Incomplete Commentary on Matthew (Opus imperfectum as it is known in Latin) Volume 2, Ancient Christian Texts is a translation from InterVarsity Press. It was translated by James A. Kellerman and edited by Thomas C. Oden. It is part of their Ancient Christian Texts series. This volume continues the Incomplete Commentary on Matthew and includes Matthew chapter 12 through 25.
The Ancient Christian Texts series are translations of commentaries and sermons by early Church leaders that are translated into English. They allow anyone to study the writings of the early Christian writers and are intended for general and non-professional use by those that study the Bible on a regular basis.
This commentary is called ‘Incomplete’ because the original work was missing everything beyond the end of Matthew 25, and had gaps between Matthew 8:11-10:15 and 13:14-18:35.
It was originally written in Latin. The author is unknown, but it was originally believed to be John Chrysostom. The writing style does not match Chrysostom’s and the author refers to the book of Seth (from the apocrypha) in 2:2, which Chrysostom would not have used. Chrysostom wrote a book titled Commentary on Matthew, but it is unrelated to this volume. The Incomplete Commentary on Matthew is believed to have been written in the 5th century.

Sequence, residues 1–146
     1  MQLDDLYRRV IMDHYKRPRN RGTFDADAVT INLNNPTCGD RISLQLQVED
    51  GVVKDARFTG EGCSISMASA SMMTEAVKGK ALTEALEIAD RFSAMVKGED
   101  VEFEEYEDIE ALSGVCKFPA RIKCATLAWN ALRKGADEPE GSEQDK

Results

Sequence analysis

Thomas Aquianas held this volume in high regard and it was very popular in the middle ages. Each verse is given a lengthy treatment of commentary; so much that this translation had to be divided into two volumes. For example, the commentary on 4:1 takes 3.5 pages. Even though the commentary is lengthy, it is easy to read and follow, containing lots of references and illustrations (in words at least) to make the point.
Most of the passages that contain a mild form of Arianism are found in this volume (8:9 in the first volume, and 20:8, 20:23, and 23:32 in this volume). In Matthew 20:8 the author argues that if the Father or Son is the householder and the Son or Holy Spirit are the steward, then the steward is inferior to the householder. In Matthew 20:23 the author concludes that the Son is not equal to the Father because the Son’s authority comes from the Father. In Matthew 23:32 the author states that a belief in equal persons of the same substance and authority is Gentile paganism. Of course this last statement isn’t necessarily Arian. Some in the middle ages believed that the Arian thoughts had been added later since there was so very little mentioned.
Volume 2 contains an appendix that contains Matthew 8 commentary from an incomplete commentary by Chromatius of Aquileia, and a subject index and Scripture index for both volumes.
I recommend Incomplete Commentary on Matthew volume 1 and 2. The translator’s introduction is a good resource that sets the stage of early Church leaders and shows how theology was developed in the first few centuries. It is easy to read and follow and is a good commentary on the book of Matthew.
I would like to thank InterVarsity Press for this free review copy. My opinions are my own and I was not required to give a positive review.